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Introduction to Plasmids


The American molecular biologist Joshua Lederberg introduced the term ‘plasmid’ in 1952.

plasmid_1
A plasmid is a double stranded circular DNA. It is not dependent of the host chromosome. It is found in bacterial cells and some other type of cells.  Automatically, plasmids replicate inside the bacterial chromosome.  These plasmids can have a gene of 10 kb size too.  The plasmids are considered as a transferable genetic elements.



Types of plasmids

Bacteria have variety of plasmids. The naturally occurring plasmids have been classified by the characteristics coded by the plasmid genes.  Plasmids can provide bacteria with an ability to fix elemental nitrogen. Plasmids used in genetic engineering are called vectors. Large amounts of protein can be made by plasmids.


Let’s now discuss the types of plasmid.



Classification based on the ability to transfer to other bacteria


Conjugative plasmids:

•    Contain tra genes
•    Conjugation that is the transfer of plasmids to another bacterium is performed by them.

Non-conjugative plasmids

•    Cannot initiate conjugation
•    Can only be transferred with the assistance of conjugative plasmids



Classification based on function:

1. F plasmids:

•    These are known as Fertility plasmids.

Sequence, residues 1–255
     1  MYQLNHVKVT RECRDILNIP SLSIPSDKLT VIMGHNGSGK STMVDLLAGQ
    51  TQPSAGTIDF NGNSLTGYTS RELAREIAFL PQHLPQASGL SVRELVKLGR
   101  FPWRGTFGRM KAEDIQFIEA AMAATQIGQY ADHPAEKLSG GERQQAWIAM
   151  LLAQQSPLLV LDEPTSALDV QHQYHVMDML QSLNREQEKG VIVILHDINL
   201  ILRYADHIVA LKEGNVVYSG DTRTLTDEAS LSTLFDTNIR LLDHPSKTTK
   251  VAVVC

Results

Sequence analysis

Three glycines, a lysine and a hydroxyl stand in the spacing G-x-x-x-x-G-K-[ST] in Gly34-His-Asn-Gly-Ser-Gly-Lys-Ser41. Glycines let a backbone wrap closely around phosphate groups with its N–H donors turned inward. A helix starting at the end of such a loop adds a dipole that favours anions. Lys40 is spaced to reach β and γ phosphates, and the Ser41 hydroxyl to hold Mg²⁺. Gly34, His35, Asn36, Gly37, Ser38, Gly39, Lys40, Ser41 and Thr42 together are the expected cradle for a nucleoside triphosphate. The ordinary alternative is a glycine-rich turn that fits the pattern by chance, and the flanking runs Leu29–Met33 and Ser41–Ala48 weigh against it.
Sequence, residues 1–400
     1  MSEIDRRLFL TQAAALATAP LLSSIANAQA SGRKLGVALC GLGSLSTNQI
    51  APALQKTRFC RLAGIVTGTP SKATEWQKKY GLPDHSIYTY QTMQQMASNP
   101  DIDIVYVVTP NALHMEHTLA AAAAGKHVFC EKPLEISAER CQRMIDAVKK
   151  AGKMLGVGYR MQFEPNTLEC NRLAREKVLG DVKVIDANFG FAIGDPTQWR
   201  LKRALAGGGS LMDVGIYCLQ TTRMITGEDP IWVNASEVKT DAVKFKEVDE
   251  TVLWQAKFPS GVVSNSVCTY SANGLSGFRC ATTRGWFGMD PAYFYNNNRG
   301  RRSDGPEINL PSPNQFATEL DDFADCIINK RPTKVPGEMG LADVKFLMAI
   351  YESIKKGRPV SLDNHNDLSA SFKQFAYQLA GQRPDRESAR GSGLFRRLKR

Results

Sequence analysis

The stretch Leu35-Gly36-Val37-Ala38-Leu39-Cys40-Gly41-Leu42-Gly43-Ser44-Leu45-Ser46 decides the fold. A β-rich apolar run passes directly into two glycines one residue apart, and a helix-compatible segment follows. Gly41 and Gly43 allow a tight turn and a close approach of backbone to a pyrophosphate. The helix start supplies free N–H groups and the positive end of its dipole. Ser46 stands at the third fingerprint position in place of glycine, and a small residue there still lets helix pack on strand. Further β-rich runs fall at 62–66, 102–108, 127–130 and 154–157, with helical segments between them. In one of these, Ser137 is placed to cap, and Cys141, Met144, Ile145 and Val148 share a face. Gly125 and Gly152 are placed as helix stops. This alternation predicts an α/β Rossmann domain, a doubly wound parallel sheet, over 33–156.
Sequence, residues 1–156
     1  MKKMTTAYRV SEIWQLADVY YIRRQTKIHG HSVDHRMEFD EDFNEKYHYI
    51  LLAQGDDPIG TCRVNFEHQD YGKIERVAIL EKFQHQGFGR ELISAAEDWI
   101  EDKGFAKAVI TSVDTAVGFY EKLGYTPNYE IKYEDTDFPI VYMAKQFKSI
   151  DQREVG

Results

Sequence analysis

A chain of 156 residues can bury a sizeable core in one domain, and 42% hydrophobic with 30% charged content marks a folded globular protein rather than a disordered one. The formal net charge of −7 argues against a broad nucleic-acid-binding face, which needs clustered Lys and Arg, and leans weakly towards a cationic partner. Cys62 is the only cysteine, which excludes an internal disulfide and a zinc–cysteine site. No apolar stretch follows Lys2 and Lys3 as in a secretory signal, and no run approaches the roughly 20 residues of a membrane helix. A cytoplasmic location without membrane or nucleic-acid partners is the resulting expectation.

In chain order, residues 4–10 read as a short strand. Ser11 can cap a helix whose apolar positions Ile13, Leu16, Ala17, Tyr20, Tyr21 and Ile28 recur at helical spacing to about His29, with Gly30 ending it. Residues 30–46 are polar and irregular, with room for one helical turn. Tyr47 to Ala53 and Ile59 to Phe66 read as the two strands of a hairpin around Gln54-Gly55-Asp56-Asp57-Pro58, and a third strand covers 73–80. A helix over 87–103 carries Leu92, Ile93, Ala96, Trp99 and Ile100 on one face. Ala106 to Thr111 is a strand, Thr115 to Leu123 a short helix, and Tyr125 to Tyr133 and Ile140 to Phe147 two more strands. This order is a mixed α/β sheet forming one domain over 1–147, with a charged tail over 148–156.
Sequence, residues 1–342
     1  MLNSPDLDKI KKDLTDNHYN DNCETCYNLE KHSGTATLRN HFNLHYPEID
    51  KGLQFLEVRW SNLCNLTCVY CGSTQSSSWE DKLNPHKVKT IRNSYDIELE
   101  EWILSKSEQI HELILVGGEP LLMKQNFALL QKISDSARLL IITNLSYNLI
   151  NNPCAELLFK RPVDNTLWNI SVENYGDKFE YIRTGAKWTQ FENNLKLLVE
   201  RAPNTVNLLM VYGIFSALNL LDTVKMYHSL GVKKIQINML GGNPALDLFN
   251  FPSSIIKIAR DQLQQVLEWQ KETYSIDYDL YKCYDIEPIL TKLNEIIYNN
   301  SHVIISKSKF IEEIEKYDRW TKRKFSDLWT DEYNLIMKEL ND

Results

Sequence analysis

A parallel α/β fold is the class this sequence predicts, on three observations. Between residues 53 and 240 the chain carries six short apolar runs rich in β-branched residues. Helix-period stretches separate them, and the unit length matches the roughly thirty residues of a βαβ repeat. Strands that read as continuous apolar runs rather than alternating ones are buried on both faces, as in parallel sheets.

•    tra genes only carried by them.
•    Capable of conjugation.
•    They don’t have any characteristic beyond this conjugation performance.

2. R plasmids:

•    Also known as Resistance plasmids
•    Known as R factors also,
•    used in recombinant DNA technology.
•    can build a resistance against antibiotics
•    help bacteria produce pili

3. Col Plasmids:

•    These plasmids code for colicins (proteins)
•     Proteins that can kill other bacteria, e.g., ColE1 of E.coli

4. Degradative plasmids:

•    Allow the host bacterium to metabolize unusual substances
•    e.g. toluene or salicylic acid.

5. Virulence Plasmids:

•    Turn the bacterium into a pathogen. e.g. Ti plasmids of Agrobacterium tumefaciens



Classification based on Yeast cloning vectors

1.    Yeast integrative plasmid (Yip) - Used to study the toxicity of a gene.
2.    Yeast Replicative Plasmid (YRp) - Less stable plasmids.


Two plasmid vectors that have been extensively used in genetics are pBR322 and pUC18.  These vectors are derived from natural plasmids, but both have been genetically modified for convenient use as recombinant DNA vectors.



pBR322

plasmid_2With the standard rules for vector nomenclature, the name 'pBR322' is given to this plasmid.

•    "p" indicates →plasmid
•    "BR"  → Bolivar and Rodriguez, the two researchers who developed pBR322.
•    '322'  → distinguishes this plasmid from other plasmids developed in the same laboratory in which the vector was originally constructed 
•    tetR and ampR are the 2 resistant genes present in this plasmid. They have unique restriction target sites for cloning.  The selected gene can be inserted in any one of these resistance gene.




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